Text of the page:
“Scripture is clear on this subject.”

“God created Adam and Eve, not Adam and Steve.”

“Marriage is between a man and a woman”

And on the more liberal side we hear:

“Scripture is clear on this subject.” (I know, both sides claim this one.)

“God created us with particular orientations and desires; let’s celebrate and support these differences.”

“Love is the only biblical orientation.”

So there is a sense in which everyone is claiming to have the moral high ground. Like everyone else I have a bias in this discussion. That is not what I want to talk about.

Is there a way for everyone to back off a bit? I was part of one discussion where someone was so worked up that they began to tap me on the chest with their fingers. Quite frankly once we achieve that level of anger, it is safe to say that the conversation is no longer about the Christian faith.

I have heard people say that more often than not conversations about orientation and Christian faith quickly descend into irrationality. An irrational conversation is frustrating for everyone.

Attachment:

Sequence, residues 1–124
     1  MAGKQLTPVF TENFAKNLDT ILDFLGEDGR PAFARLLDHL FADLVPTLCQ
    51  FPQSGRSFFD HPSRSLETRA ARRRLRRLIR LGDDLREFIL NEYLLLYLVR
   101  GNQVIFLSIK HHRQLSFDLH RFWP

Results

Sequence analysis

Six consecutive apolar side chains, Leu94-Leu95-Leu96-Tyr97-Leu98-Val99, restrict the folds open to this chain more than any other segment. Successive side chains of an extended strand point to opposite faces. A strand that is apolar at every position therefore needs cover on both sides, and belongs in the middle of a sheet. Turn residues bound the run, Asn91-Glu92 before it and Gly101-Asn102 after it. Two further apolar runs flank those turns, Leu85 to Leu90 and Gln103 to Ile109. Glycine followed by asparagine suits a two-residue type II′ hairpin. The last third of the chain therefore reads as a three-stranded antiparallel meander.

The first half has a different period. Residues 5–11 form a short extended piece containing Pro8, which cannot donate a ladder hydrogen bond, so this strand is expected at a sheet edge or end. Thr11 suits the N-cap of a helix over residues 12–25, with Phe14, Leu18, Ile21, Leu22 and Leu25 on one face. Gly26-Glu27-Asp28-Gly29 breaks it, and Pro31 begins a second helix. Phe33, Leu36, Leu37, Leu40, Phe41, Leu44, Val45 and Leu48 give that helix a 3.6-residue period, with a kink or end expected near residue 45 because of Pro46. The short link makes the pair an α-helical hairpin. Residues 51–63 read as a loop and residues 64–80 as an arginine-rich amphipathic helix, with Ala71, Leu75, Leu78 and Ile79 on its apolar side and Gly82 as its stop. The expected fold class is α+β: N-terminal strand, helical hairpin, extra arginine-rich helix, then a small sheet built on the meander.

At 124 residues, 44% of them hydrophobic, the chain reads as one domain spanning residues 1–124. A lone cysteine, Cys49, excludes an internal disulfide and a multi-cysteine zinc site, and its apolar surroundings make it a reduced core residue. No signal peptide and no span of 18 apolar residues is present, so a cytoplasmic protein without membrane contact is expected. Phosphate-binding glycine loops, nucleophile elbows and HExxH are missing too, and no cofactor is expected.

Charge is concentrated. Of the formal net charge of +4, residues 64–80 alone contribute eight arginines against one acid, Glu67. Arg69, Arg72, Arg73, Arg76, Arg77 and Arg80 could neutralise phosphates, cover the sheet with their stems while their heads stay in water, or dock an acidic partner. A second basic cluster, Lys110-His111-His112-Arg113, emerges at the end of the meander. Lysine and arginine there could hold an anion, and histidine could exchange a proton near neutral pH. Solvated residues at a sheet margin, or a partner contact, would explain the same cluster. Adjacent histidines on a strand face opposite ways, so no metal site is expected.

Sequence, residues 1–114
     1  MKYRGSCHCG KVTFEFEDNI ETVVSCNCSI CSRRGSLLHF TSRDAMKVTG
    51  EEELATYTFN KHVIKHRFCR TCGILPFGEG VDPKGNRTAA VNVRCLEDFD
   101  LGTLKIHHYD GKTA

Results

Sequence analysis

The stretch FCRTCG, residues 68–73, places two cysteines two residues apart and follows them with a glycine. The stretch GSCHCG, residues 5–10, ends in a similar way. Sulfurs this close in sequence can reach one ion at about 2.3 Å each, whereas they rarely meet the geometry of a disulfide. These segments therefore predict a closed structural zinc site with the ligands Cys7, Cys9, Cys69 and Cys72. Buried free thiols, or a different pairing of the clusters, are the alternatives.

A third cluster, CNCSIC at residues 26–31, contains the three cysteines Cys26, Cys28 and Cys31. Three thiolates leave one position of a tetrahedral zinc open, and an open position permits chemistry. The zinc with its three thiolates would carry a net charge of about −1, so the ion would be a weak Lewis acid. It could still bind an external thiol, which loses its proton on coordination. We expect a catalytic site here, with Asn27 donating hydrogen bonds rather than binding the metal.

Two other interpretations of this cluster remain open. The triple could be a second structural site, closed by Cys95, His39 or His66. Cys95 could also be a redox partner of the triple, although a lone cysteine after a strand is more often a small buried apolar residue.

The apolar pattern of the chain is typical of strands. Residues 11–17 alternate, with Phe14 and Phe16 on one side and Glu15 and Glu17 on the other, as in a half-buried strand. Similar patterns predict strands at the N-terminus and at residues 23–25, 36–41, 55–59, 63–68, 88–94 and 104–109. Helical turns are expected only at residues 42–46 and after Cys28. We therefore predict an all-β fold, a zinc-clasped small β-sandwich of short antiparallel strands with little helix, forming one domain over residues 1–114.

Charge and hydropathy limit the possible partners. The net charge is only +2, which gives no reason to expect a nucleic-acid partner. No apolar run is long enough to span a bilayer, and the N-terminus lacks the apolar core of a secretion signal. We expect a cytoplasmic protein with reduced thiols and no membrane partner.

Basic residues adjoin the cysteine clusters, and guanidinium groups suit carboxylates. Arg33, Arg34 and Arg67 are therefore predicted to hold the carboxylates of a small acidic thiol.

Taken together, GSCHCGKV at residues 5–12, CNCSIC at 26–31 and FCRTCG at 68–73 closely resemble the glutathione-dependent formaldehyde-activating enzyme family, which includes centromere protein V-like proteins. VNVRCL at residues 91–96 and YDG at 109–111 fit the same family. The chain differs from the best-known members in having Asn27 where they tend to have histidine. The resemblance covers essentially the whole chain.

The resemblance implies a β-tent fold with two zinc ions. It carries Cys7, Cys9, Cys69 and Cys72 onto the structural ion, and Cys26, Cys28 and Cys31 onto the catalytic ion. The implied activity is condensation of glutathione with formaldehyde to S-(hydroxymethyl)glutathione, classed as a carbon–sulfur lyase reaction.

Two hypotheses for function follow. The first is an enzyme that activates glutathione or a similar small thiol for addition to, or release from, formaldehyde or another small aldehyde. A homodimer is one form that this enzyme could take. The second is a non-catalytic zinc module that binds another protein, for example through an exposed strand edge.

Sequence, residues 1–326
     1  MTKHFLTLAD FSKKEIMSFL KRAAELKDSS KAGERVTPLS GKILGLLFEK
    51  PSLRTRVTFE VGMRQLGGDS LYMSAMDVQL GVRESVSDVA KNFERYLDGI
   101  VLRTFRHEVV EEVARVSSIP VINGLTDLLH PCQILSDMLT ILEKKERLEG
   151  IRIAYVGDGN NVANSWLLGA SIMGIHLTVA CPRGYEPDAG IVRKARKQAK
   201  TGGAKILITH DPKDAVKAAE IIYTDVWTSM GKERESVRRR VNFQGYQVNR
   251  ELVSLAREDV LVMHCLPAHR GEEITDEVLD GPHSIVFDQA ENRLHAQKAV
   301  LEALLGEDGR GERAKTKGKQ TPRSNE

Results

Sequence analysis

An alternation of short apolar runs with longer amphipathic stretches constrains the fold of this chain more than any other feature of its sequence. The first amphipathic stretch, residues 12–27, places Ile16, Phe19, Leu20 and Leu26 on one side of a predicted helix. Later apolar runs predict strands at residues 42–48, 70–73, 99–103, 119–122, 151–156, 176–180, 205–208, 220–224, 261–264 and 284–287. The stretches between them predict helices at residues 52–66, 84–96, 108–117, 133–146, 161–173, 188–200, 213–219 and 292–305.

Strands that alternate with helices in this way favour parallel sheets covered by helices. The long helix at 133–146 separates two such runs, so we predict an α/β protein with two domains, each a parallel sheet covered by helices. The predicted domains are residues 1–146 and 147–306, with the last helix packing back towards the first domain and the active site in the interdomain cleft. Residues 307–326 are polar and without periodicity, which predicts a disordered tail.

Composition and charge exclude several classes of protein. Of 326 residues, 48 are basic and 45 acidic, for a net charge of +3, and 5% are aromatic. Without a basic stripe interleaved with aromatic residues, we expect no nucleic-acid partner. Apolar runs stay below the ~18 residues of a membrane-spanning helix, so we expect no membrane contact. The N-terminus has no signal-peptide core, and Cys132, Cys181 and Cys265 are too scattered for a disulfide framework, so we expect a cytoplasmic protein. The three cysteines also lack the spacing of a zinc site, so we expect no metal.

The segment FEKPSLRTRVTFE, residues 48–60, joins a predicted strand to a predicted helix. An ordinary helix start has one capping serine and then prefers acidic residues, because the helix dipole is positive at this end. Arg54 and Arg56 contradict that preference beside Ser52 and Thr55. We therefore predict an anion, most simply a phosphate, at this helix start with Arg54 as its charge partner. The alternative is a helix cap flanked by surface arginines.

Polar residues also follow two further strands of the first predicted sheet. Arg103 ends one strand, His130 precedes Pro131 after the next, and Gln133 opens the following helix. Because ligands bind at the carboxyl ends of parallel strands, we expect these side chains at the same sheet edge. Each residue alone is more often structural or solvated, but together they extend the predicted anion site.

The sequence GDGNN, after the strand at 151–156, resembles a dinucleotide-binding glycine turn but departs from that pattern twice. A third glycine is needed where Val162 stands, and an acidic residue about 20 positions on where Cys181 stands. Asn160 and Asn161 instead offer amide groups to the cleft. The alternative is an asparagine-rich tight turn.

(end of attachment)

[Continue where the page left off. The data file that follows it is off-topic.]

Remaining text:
One possible solution to this dilemma is to choose grace over the need to be right. Back when I was in college the popular book Evidence Demands a Verdict was making the rounds. The idea behind this book was to prove to everyone who didn’t hold a certain set of convictions and beliefs about the bible that they were wrong. It took years for me to learn that arguing people to my convictions and beliefs rarely works.

What I have discovered in the last 20 years is that choosing grace is a much better approach. One, it leaves space for me to be wrong and two, it allows the other to be wrong! When we choose grace then it becomes possible to live and worship with those who are different.